Benefits of a 457(b) Retirement Plan
Is a 457 Plan Right for Your Organization?
- A 457(b) Plan allows employees to save as much as double the maximum they can save in their 401(k) or 403(b) Plans each year. That’s right, the employee can save up to $18,000 (2017 maximum) in 401(k) or 403(b) plans plus another $18,000 (2017 maximum) in a 457(b) Plan.
- More than $18,000 per year can be saved by certain employees (see table below)
- A 457(b) Plan offered by a state or local government entity can be offered to some or all employees
- Employees make the tax-deferred payroll deduction contributions (employer contributions are optional)
- Participants select investments from a mutual fund menu just like a 401(k) or 403(b). To keep it simple, you can use the same menu.
- 457(b) plans are non-qualified plans, so there is no IRS Form 5500, no non-discrimination or other compliance testing and no burdensome set of required notices to participants
- Not every employer can have a 457(b) Plan. Only tax-exempt 501(c) (3) organizations and state or local government entities.
- For tax-exempt 501(c) (3) organizations, not all employees can enroll. Eligibility must be limited to groups of highly compensated employees or groups of executives, managers, directors or officers.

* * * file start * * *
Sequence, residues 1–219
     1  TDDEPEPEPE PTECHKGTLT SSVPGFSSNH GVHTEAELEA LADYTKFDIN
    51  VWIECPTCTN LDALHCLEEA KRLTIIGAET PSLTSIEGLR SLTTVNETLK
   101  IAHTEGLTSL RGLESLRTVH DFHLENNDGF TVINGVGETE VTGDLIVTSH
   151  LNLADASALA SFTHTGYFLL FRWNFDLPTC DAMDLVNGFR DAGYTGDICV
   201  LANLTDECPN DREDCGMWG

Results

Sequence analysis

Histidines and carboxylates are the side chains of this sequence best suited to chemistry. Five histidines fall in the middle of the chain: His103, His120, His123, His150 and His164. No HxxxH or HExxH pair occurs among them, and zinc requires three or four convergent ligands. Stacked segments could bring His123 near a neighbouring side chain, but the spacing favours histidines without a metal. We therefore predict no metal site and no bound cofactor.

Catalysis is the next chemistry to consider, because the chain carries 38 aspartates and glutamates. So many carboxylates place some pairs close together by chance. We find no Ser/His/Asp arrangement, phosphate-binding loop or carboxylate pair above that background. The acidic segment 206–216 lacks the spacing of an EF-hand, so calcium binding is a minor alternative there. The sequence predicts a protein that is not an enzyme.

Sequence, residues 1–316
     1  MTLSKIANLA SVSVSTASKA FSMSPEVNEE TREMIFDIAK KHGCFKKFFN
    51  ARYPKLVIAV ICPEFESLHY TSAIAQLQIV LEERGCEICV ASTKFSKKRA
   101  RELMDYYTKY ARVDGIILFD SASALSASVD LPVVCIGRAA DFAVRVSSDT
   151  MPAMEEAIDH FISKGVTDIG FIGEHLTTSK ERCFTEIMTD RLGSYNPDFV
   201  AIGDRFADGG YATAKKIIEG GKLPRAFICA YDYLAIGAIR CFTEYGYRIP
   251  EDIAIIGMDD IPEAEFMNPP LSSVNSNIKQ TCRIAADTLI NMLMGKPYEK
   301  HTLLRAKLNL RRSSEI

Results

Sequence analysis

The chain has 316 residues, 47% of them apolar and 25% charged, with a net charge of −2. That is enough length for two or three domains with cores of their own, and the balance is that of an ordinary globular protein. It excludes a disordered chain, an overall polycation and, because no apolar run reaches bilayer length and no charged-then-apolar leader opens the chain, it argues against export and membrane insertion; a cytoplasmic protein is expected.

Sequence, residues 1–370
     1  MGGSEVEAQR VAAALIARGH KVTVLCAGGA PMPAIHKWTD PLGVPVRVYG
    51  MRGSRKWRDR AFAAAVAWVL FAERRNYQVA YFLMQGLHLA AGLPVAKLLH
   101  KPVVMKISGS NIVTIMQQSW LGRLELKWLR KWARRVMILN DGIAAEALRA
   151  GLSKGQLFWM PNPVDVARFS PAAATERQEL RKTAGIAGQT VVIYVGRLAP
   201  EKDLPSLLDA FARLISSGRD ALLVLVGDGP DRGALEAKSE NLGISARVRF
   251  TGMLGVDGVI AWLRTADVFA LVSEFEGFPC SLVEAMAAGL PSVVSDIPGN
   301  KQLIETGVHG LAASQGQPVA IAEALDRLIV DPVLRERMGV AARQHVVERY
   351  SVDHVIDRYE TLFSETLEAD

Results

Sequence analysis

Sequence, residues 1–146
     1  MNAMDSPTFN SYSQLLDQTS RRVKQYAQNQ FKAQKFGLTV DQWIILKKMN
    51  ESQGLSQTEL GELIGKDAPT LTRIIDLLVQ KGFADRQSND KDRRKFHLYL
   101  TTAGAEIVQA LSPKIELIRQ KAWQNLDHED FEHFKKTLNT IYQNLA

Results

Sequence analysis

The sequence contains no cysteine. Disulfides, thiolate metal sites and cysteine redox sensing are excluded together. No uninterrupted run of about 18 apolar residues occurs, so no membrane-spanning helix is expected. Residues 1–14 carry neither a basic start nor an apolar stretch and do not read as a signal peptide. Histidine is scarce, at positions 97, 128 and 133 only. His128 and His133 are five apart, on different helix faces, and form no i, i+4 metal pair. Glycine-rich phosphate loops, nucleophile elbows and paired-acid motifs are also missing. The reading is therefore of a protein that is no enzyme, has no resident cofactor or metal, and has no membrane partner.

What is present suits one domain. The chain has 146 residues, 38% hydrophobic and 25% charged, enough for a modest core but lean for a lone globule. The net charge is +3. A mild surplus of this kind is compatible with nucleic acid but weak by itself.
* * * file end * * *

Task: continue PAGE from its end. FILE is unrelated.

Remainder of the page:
Who do 457(b) Plans Make Sense for?
- Highly compensated employees. Why? They often can’t save enough in 401(k)’s and 403(b)’s due to regulatory maximums or when 401(k) nondiscrimination testing fails.
- Any eligible employee who has failed to save the 457(b)’s $18,000 maximum each year and are within 3 years of the plan’s normal retirement. Why? They can contribute up to $36,000 in each of those three years or at least $18,000 plus where they fell short of $18,000 in prior years (see Table).
Is 457(b) Right for Your Organization?
You won’t need to go through an extensive review in order to determine if a 457(b) makes sense for your company. A discussion with a qualified investment advisor or attorney that specializes in employee benefits can help you further explore your options and discuss what to consider before making a decision.
This blog is meant for educational purposes only and does not represent all facets of 457(b) retirement plansTags: 457, government, nonprofit, Plan Design, Retirement Posted by